1. Select Pipelines in the menu and then use the button ‘New pipeline’ to create your Build-Pipeline.
  2. Select “Use the classic editor” since we do not use a YAML file to configure our pipeline.
  3. Now connect to your Git-Repository where your application is stored. Therefore, first login to your Git-Account and then select your repository and the branch you want to use in Azure Pipelines.
  4. Choose ‘Empty Pipeline’
  5. Create Pipeline Tasks
    In the ‘Tasks’ section you will now see your connected Git repository and an agent that will execute the build steps you need. For our scenario, we need three tasks to build our application and publish the built application for later deployment. A task can be added with the plus button on the right side. Perform the following three tasks:

    • Install Dependencies
      First add a command line task that will install dependency packages via npm. For the built, we use the mbt tool. Since it is not already known to Azure we can install it via npm. Furthermore, I used an UI5 application and therefore need to install the UI5 command line tool. If you have any other kind of application, check the logs and install the needed tools in the provided manner.
    • Build the MTA
      The second task is again a command line task and builds the application. In the script section the command for building the application is shown. As target platform we set the cloud foundry environment (-p=cf) and give a target directory where the built application is saved. Here, we can use a dynamic location within Azure DevOps that is accessible in later steps as well. The built will create a folder ‘mta_archives’ and an mtar file within the given target directory. In my case the built application has the path ‘$(Agent.BuildDirectory)\s\mta_archives\tinyapp_0.0.1.mtar’, where tinyapp is the name of my UI5 application.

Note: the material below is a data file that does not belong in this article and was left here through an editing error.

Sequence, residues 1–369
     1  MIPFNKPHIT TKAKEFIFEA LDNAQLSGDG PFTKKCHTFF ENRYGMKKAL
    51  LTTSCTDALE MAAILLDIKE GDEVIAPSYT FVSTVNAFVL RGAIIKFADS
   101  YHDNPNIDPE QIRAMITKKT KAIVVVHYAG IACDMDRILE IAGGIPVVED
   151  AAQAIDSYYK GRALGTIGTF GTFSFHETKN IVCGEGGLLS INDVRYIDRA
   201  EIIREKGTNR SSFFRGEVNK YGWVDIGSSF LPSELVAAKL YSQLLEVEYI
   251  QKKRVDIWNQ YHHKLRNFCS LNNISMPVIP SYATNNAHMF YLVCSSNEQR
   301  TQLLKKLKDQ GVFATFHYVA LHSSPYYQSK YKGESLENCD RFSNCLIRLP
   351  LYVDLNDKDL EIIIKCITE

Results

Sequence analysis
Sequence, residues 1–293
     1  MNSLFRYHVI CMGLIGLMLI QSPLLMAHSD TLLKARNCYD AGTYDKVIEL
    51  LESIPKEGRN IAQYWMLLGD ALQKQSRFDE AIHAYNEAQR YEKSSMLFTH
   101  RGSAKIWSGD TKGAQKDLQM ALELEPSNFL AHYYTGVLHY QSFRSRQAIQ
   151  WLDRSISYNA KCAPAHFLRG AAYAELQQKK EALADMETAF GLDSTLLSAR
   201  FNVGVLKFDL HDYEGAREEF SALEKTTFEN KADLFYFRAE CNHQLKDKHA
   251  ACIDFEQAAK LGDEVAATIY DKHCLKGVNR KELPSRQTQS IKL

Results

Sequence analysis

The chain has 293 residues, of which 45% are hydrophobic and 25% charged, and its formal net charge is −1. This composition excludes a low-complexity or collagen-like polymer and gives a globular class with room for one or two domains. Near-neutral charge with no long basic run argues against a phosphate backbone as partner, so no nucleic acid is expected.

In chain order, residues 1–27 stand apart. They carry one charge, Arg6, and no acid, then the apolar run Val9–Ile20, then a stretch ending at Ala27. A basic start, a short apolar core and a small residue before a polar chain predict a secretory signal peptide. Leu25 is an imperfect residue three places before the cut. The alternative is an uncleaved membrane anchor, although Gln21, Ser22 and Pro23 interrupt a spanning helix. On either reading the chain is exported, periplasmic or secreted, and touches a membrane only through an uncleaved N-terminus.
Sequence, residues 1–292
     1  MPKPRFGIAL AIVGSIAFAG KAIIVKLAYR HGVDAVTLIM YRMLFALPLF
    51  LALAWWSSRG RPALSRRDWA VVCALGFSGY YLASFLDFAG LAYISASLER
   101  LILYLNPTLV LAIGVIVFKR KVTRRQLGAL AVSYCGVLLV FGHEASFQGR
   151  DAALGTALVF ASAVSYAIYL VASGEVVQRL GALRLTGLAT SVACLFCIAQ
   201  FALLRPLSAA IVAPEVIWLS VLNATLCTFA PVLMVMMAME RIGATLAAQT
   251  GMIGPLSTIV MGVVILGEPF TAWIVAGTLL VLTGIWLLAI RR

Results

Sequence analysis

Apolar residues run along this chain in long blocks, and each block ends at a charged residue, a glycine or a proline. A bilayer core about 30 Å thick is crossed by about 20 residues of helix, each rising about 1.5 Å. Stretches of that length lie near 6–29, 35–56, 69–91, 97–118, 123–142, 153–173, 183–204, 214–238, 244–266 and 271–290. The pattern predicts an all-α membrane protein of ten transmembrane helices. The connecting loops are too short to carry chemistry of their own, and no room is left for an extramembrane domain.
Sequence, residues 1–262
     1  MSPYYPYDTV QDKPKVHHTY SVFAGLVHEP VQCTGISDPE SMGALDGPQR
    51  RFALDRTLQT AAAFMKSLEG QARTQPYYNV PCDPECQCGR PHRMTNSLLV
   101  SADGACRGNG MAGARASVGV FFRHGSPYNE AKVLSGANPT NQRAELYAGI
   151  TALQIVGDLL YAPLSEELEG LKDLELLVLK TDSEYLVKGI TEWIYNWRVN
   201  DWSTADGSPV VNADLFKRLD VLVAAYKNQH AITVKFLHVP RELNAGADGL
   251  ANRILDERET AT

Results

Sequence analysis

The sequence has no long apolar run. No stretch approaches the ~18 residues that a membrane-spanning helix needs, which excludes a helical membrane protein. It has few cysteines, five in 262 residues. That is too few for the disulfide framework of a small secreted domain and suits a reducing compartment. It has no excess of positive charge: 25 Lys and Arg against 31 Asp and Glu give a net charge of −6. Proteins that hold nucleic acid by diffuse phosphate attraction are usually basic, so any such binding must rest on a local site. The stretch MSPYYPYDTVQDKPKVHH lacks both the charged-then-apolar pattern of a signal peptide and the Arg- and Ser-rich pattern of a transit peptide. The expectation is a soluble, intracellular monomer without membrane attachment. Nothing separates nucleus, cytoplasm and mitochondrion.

• Publish the built application
      As a final step, we publish the created mtar file to Azure Pipelines, so that it can be used in the release pipelines later. This can be done with a so-called artifact. You can imagine an artifact like a key value store, where you give a name as a key and the file you want as a value. To do so, you need to the task type ‘Publish Pipeline Artifact’. In the detail section, you give the path to your mtar-file from the previous step and give a name for the artifact.
  1. Configure the trigger